How to Know Whether Your Business Partner Is Embezzling

by Contributor

Most embezzlers are trusted company employees. Follow these steps to spot them before they run off with your company's assets.

What Constitutes Embezzlement

Understand that in order for the theft to be embezzlement, there must be a relationship of trust between the accused embezzler and the company or agency she was working for.

Understand that in embezzlement cases, the money or property comes into the possession of the person accused of embezzling specifically due to his employment.

Realize that the defendant must have converted the money or property fraudulently for her own use.

Know that the embezzler had to have the intention to deprive the company or owner of the property taken.

Recognize Signs of Embezzlement by Your Business Partner

Note whether your business partner uses company or business accounts for personal expenses. This is among the most common form of embezzlement for people in upper management.

Be suspicious of an unexplained drop in your business' profits, and pay attention to the complaints of customers about changes or errors in billing.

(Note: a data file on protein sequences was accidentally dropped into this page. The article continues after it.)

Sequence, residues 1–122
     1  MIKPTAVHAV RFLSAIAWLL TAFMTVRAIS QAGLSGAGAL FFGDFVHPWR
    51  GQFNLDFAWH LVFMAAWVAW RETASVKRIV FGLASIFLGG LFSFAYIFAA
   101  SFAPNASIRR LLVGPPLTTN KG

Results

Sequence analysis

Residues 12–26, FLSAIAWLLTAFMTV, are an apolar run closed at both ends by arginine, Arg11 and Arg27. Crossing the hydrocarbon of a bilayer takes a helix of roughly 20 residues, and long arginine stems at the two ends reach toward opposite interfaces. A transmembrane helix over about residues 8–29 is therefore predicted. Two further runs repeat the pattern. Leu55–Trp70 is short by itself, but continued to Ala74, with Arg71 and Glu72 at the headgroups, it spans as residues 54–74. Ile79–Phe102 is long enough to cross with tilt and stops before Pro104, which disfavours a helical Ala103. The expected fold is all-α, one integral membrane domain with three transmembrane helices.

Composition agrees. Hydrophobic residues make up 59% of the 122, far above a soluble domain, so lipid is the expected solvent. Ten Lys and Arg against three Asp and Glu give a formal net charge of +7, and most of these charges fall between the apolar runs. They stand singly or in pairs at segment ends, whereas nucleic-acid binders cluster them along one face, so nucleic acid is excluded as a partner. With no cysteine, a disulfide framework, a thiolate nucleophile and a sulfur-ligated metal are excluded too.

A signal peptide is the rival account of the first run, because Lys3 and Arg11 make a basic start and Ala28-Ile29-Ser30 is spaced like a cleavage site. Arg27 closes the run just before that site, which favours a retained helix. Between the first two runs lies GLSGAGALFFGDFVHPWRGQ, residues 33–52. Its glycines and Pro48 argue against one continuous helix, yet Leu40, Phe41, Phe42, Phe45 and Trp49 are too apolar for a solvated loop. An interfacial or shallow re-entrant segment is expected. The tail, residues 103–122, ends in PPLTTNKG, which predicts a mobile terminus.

Observe your records to see if they are unorganized or if there are unexplained costs and losses.

Notice whether your business partner works unusually late, on weekends or does not take vacations, and is secretive about what he does during those periods.

Become aware of any changes in your business partner's standard of living or spending habits.

Observe changes in bank deposits or accounts payable and receivable.

Visit the Small Business Administration Web site (see Resources, below) to learn more about taking preventative measures against embezzlement and recognizing the signs.

Prevent Embezzlement in the Future

Perform audits with other members of your business or company to avoid drawing suspicion to yourself.

Divide financial responsibilities between multiple employees. This will help ensure that nobody has sole access to company funds and will increase your chances of catching errors.


  • check Consider hiring an attorney to gather evidence before accusing anyone of embezzlement. A false accusation can cost you money in a lawsuit and incur defamation charges.


  • close Do not violate anyone's legal privacy rights when collecting evidence during the investigation. Evidence unlawfully gathered--for instance, by hacking into someone's computer--may be inadmissible in court. Your also cannot search personal property without a warrant.

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